I'll never forget the first time I met Evan Brown.
It was a warm summer morning in Long Beach, and I had just pulled up to The Hoonigans' new headquarters on an unrelated matter. The lone vehicle in the parking lot was a blacked-out Bluebird school bus towing a badass FC3S Mazda RX-7 that looked like it came straight out of a late-'90s Initial D sketch. As I got closer, I noticed the bus had Oregon plates and what looked to be a couch, loft bed, row of cabinets, two dogs, and a bunch of plants inside; sitting outside of it was a guy in a thoroughly punk tee with its sleeves ripped off, covered from the neck down in tattoos, reading some beatnik literature through a pair of thrift-store bifocals that sat crooked from a missing arm. "Either this guy is trying way too hard," I thought, "or he just doesn't give a fuck about anything." Turns out I would be wrong on both counts.
I extended a cheerful "What's up!" He replied with a quiet but friendly, "Hey man! My girlfriend's sleeping." Weird ... I didn't see anyone else around. I changed the subject:
"Is this your RX-7?"
"This thing is badass!"
"Thanks, man! Lemme show you around."
Thoroughly impressed with the car (which we'll get into in a sec) after a 5-minute talk, I got down to brass tacks—just who was this character?
"You live around here?"
"No, we just drove down from Oregon." [There was that "we" again.]
"Oh, nice. Where are you staying?"
"At the shop??"
"No, probably here in the parking lot. Or in the alley. Wherever we can park this thing [nodding toward the bus]."
No doubt picking up the confusion I was wearing like a bright yellow Dumb and Dumber-esque leisure suit, Evan opened the rear door of the bus and my understanding of him became clearer. As cool as the FC was, he'd put loads of work into this bus, fitting it with a raised hardwood floor and walls, homemade loft-style furniture (bed, desk, bookshelves, stow-away containers, cabinets, etc.), and decorating the interior small-house style with pretty much every living necessity that can't be found in a 24 Hour Fitness locker room... or the Hoonigans' bathroom. I also met his girlfriend, Alexis, who was camping out inside and who I would later come to realize is basically the yin to his yang.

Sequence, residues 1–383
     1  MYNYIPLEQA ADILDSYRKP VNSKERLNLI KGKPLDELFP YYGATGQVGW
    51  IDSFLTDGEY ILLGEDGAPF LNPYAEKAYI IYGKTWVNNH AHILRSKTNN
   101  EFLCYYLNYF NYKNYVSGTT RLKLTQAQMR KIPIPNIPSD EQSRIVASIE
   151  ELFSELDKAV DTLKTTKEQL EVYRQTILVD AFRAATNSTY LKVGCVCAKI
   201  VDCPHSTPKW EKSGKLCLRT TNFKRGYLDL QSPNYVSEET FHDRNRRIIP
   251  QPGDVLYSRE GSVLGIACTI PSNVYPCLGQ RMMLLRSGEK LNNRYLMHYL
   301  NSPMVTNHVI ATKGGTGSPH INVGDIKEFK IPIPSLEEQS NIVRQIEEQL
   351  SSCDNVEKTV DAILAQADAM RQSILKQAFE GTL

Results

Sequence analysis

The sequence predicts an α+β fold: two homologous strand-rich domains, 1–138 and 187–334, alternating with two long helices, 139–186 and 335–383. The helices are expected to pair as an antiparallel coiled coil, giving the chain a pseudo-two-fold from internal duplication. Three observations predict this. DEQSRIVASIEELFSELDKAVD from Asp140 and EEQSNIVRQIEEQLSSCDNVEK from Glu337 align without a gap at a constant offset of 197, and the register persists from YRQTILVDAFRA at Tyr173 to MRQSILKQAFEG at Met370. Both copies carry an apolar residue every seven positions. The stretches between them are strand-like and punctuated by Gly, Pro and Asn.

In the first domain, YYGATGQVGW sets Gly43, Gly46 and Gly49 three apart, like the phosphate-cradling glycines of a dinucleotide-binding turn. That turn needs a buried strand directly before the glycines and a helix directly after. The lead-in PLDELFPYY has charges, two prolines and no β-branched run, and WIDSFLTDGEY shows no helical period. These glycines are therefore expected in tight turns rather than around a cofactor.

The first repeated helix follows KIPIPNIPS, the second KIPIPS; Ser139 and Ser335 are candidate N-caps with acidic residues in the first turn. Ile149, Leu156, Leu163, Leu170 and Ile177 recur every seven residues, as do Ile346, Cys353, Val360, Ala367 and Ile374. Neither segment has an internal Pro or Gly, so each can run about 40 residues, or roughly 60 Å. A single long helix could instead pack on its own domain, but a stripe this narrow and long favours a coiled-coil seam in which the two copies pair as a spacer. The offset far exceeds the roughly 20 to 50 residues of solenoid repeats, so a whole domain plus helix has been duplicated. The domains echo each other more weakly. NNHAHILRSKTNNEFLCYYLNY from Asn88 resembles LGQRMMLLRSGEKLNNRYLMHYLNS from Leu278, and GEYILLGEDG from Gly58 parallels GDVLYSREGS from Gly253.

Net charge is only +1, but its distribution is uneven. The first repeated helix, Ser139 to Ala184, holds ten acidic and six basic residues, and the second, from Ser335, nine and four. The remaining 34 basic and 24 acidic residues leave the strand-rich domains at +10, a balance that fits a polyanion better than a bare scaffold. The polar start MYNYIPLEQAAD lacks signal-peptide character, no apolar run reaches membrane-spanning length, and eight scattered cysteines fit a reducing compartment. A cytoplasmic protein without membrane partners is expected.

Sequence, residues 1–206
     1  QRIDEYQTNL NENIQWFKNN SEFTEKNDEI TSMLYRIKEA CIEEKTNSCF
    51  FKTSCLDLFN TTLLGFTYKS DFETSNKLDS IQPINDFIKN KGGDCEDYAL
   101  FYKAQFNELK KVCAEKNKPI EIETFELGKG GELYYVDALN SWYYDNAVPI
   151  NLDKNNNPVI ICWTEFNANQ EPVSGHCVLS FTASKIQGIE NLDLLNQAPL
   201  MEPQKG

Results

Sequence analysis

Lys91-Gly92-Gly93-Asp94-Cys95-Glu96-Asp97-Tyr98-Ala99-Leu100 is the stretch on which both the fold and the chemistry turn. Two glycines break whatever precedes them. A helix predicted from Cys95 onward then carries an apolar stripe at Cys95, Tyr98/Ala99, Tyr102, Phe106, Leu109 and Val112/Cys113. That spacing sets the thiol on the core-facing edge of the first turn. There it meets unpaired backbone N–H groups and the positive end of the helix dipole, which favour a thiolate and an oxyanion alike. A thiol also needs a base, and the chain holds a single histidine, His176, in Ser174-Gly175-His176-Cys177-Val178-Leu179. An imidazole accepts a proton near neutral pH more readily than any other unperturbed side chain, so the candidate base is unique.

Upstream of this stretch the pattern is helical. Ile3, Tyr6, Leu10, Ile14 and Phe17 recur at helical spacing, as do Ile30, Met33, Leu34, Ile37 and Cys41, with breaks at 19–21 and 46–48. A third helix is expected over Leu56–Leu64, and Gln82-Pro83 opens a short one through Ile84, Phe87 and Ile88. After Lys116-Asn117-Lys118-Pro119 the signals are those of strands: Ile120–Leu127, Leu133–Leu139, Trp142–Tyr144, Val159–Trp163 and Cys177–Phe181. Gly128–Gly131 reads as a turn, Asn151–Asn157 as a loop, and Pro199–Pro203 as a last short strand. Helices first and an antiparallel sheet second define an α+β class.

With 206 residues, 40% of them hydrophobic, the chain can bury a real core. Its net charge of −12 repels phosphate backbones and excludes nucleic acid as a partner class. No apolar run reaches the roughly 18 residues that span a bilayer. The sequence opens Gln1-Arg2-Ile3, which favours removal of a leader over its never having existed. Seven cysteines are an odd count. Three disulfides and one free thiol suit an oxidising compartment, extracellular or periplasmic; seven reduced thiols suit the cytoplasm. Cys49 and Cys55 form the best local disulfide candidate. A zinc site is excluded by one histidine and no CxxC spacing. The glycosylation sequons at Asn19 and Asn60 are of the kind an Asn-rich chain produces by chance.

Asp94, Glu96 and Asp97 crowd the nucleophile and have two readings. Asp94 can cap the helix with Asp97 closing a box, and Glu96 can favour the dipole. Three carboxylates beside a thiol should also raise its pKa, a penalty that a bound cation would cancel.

"You live out of this thing?"
"Yeah, most of the time."
"What do you do for a living?"
"Whatever. Photography, graphic design, sometimes odds and ends jobs... This time I'm going to help produce content and design for Hoonigan for a bit. Then, who knows?"
Per Tyler Durden's philosophy of reaching rock bottom—rejecting cultural norms like maintaining a regular job, choosing a socially acceptable fashion style, or priding ourselves in consumerist acquisitions—Evan and Alexis were living it, enjoying the freedom to go anywhere and do anything they wanted, making what they needed, and simply not concerning themselves with the judgment of others.
And in that vein, Evan's RX-7 is a perfect fit.
Evan grew up in and around Portland, Oregon, and his first encounter with automotive enthusiasm came at a young age when a friend who was into Japanese car culture showed him some early Option and Hot Version videos. Evan liked what he saw: the craftsmanship and camaraderie of tightly knit enthusiasts who built their cars to do exciting things, and the dedication they shared to define a burgeoning high-performance art form. As a tinkerer and an artist, it was right up his alley. But a desire to see the world firsthand had him hitchhiking and jumping freighters across the U.S.—a lifestyle that limited personal possessions to what could fit in a backpack, and certainly didn't allow for things like building cars.
He made his way to New York City and found a niche doing creative work in the city's fashion industry for a while, but when the combination of getting burnt out on its pretentious nature, and getting his left leg crushed by a 12-ton box truck while on his bicycle one day, brought that adventure to an end, Evan decided to head back home and regroup. He bought a retired school bus he could later sell at a profit, packed it up, and stabbed Westward.